I recently discovered Turmeric! Not as a super miracle healing supplement but as a big huge smokey and pungent flavor to explore. I had some turmeric on my speice rack so online I found a reciepie for Turmeric Chicken and Rice Recipe – Edward Lee | Food & Wine and I became a fan. A couple of  years ago my doctors told me I need to be on low salt diet so I have been searching for spices with big huge flavor profiles to take the place of salt in my life. I now use it rather regularly to spice things up.

BUT I would question if it was good for anything healthwise. I think much of the hype surrounding Turmeric being good for losing weight, preventing Alzheimer’s, treating diabetes, preventing baldness, treating cancer and more (although to the best of my recollection I have never heard the anti-inflammatory claim before) is marketing hype to sell turmeric and sell it as a supplement instead of just as a spice and that hype and marketing certainly works.

I don’t recall now where I read it and I don’t know how much science there is behind this but like I said I read that if you really really want to take turmeric for it specific health benefits you are better off cooking with it because  fats or oils from your food enhance the absolution of  the active critical component in turmeric called curcumin.

Forget what you’ve heard: Turmeric seems to have zero medicinal properties

Turmeric has done the full circle: from ancient remedy to hipster Western drink. Even today, Indians readily apply it on fresh wounds, chicken-pox scabs, and insect bites. Medical professionals prescribe it for urological diseases, worm infections, and even cancer. Such has been the hype that the yellow-golden spice is widely touted as a validation of traditional medicine.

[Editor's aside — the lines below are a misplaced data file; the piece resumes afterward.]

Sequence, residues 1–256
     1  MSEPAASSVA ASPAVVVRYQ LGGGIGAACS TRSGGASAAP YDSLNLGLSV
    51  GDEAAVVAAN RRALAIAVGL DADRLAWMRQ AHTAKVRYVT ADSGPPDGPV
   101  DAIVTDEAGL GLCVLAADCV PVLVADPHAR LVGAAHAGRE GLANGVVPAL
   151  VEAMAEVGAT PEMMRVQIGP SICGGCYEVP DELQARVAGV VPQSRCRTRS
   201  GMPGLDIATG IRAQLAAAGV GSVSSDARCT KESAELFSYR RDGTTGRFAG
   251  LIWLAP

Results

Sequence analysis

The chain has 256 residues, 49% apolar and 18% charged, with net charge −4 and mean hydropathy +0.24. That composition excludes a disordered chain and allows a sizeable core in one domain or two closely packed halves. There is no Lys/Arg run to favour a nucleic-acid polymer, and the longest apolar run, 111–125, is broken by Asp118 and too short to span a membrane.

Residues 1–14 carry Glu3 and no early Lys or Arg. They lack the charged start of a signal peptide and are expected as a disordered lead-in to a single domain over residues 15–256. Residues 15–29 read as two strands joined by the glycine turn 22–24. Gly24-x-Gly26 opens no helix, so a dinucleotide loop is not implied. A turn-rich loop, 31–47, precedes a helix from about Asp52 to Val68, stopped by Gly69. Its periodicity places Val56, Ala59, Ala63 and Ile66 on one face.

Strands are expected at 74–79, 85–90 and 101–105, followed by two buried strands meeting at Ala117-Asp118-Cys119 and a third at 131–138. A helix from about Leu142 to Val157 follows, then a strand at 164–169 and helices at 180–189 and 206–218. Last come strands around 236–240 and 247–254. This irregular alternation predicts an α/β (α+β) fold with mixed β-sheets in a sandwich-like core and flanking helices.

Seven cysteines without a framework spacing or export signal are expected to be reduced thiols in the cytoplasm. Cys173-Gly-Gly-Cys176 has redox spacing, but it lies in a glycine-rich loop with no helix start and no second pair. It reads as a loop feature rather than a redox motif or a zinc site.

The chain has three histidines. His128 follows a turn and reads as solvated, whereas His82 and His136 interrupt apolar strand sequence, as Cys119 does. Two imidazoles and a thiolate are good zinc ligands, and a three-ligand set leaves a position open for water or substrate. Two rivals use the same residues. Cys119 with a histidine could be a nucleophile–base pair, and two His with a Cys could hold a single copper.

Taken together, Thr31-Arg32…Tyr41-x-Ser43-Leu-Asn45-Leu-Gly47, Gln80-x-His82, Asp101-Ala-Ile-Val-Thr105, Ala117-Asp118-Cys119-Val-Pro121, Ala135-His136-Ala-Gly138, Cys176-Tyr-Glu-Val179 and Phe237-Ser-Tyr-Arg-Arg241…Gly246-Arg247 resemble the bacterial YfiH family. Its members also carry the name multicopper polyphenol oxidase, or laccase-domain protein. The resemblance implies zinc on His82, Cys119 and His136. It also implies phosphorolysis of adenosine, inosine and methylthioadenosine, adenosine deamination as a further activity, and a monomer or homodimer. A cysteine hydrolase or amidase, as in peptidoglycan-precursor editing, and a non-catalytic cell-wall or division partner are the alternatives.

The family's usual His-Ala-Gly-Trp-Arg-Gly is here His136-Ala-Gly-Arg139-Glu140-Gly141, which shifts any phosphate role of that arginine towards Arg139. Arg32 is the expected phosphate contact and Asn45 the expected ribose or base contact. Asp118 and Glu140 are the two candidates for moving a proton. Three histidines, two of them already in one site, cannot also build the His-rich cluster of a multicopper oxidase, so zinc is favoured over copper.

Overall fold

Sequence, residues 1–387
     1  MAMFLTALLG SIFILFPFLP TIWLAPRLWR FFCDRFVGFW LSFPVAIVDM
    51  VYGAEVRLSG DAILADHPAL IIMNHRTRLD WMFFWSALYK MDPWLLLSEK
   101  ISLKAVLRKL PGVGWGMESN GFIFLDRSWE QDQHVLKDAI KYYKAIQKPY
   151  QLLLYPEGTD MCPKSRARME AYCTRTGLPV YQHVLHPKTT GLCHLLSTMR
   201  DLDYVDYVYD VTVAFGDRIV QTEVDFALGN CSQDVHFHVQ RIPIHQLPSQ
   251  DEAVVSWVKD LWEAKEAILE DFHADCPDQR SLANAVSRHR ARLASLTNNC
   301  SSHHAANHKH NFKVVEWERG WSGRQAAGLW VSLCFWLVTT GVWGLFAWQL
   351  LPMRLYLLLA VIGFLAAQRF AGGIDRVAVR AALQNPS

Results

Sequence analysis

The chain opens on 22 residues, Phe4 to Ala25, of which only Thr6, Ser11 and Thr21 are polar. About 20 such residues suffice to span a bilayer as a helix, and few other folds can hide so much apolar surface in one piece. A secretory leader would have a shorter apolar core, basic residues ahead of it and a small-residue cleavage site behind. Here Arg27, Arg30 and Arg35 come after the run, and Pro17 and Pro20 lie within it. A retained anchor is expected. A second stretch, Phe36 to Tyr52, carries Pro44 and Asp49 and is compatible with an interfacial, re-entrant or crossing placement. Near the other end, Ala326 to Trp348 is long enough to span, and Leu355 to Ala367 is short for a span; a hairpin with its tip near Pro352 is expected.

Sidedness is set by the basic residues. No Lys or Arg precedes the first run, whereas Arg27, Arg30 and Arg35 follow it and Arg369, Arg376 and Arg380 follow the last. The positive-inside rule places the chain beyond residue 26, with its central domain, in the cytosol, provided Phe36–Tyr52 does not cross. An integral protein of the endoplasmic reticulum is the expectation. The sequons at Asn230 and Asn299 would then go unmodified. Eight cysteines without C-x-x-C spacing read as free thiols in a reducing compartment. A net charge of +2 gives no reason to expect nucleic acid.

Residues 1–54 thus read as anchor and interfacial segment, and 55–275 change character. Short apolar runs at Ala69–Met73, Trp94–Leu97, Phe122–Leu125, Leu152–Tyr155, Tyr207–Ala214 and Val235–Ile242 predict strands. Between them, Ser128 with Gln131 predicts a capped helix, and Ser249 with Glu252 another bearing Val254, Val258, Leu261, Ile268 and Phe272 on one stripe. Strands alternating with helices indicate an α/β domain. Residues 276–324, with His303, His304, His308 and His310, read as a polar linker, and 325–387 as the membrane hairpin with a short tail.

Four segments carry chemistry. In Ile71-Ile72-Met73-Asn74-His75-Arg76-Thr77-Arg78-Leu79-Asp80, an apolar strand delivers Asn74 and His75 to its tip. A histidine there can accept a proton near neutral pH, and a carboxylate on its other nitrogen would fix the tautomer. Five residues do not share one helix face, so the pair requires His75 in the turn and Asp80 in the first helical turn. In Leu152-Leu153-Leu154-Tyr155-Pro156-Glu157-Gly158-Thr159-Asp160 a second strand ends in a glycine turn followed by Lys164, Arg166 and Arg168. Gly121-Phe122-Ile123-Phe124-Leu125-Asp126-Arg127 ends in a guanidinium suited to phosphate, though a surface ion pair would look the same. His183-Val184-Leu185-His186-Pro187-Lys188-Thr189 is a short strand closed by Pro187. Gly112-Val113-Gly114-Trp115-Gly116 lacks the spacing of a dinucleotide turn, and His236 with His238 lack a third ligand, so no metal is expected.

…the hype that the yellow-golden spice is widely touted as a validation of traditional medicine.

Scientists have now had enough. Turmeric’s gains have been ascribed to a chemical contained in it called curcumin. But, though there have been thousands of research papers and 120 clinical trials, curcumin hasn’t yet resulted in a drug….


….Most drugs are screened based on their ability to interact with certain proteins. It turns out curcumin’s chemical structure makes it produce “false hits”—that is, even though the compound doesn’t interact with the protein, the results of studies show that it does. Such false hits are then taken to clinical trials, where, after spending huge amounts of money, it eventually fails.


Turmeric: Tasty in Curry, Questionable as Medicine

A correspondent asked me to look into the science behind the health claims for turmeric. He had encountered medical professionals “trying to pass turmeric as some sort of magical herb to cure us from the ‘post-industrial chemical apocalypse.'” It is recommended by the usual promoters of CAM: Oz, Weil, Mercola, and the Health Ranger (who conveniently sells his own superior product, Turmeric…

Dr. Harriet Hall, the author of this article is one of my favorite critical thinking public educators and exposers of writes about pseudoscience and questionable medical practices. In this article she writes: